Hollande Arrives in US Alone and Complicated


When French President Francois Hollande arrives in the U.S. today he will be traveling alone and that makes things just a little complicated. For most Americans, Hollande is known not so much for being President of France, but for his highly publicized personal relationships. In France, such things are a bit different than they are here.

For one thing, the French are much less inclined to marry. In 1999, France enacted a kind of civil union called PACS that were supposed to provide gay couples with an alternative to marriage. Now, however, 94 percent of all PACS couples are heterosexual and more than half the children are born to unmarried couples.

Among those children are four belonging to Hollande and Segolene Royal, a socialist politician. At the time of his election, however, he was partnered with, Valerie Trierweiler, a journalist who has functioned as the French First Lady. Unfortunately, that relationship ended abruptly a few weeks ago when his supposed affair with actress Julie Gayet became public.

For the time being, Hollande does not have a partner, at least not officially. For the state dinner on Tuesday night, Hollande will arrive alone and that’s a complication. Hollande’s partner would normally sit next to President Obama.

Now, that seat at the table is vacant and filling it requires consultation with U.S. officials and their French counterparts. No doubt, even Obama will weigh in before the final decision is made. Whoever fills the seat will be carefully chosen with all issues of protocol carefully assessed and addressed.

Other complications are easier to handle. Hollande has expressed his anger about the alleged NSA spying on European leaders but talks on that issue are already underway and it is likely to be a minor part of the discussions between the two leaders.

Some things are not complicated at all. In an op-ed piece written jointly by Obama and Hollande, the two leaders celebrated a renewed alliance between the two countries that could not have been possible just a decade ago. Among their joint accomplishments, they listed working together with other partners to prevent Iran from obtaining nuclear weapons and to pave the way for a plan to eliminate Syria’s chemical weapons.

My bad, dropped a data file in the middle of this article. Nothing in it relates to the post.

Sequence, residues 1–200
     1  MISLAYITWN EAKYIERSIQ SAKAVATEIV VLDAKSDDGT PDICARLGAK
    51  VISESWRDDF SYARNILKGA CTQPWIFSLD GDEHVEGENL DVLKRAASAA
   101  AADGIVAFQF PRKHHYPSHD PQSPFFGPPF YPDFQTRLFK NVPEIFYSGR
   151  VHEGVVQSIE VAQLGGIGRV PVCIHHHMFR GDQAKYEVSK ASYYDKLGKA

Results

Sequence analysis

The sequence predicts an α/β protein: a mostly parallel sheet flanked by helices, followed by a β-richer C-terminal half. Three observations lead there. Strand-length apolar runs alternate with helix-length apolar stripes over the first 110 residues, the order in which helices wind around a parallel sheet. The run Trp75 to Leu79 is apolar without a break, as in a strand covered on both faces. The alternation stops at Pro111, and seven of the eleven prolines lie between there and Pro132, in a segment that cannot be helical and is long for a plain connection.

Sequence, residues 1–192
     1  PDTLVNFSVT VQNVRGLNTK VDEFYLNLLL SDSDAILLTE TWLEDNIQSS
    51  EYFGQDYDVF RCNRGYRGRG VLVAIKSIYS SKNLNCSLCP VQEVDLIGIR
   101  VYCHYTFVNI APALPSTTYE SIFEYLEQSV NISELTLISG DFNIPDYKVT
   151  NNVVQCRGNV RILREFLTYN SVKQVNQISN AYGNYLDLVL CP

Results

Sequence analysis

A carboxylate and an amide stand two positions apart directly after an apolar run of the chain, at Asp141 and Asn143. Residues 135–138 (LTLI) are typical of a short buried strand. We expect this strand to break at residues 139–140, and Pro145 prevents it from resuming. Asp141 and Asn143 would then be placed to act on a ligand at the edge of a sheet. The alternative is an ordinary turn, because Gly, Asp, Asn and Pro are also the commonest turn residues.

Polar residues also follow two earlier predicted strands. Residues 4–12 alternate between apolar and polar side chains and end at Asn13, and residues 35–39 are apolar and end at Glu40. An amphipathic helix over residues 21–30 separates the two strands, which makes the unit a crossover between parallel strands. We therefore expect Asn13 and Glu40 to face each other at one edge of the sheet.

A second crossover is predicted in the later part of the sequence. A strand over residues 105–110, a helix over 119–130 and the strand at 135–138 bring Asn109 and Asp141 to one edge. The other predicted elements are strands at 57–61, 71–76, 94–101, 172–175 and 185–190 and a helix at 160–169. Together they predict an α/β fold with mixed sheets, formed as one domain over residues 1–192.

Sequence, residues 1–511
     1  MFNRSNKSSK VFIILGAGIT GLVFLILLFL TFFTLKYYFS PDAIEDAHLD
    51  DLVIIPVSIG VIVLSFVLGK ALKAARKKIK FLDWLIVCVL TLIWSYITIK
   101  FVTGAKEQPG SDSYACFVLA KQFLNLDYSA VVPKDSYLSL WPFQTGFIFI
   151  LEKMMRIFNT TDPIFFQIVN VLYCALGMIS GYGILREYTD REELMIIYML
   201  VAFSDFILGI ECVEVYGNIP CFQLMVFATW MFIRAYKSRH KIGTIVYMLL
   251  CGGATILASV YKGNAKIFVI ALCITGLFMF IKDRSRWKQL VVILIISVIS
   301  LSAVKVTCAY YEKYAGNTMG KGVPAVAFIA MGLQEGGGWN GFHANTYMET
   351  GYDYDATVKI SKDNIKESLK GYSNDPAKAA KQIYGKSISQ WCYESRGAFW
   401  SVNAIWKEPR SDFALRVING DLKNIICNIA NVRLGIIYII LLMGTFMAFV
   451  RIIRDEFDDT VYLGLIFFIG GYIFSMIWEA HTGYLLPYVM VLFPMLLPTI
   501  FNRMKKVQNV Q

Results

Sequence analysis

They also discussed joint efforts in Africa that ranged from helping to train and equip local security forces fighting insurgents linked to al-Qaeda to working with those who want to build democratic institutions, improve agriculture, and treat infectious diseases.

Finally, the op-ed piece outlines trade that supports jobs in both countries, partnerships between American and French universities and research groups, and efforts in both countries to combat climate change.

With the relationship between Obama and Hollande very positive and cooperative, the relationship between the two countries is also very strong.

For this visit, once seating arrangements are settled for Tuesday’s state dinner, the fact that Hollande arrived in the U.S. and is visiting alone is only a little complicated. Everything else is expected to go relatively smoothly, which is a nice bonus for two leaders who could use a little bump in their approval ratings.

By Sharon I. Fawley

The New Yorker
The Washington Post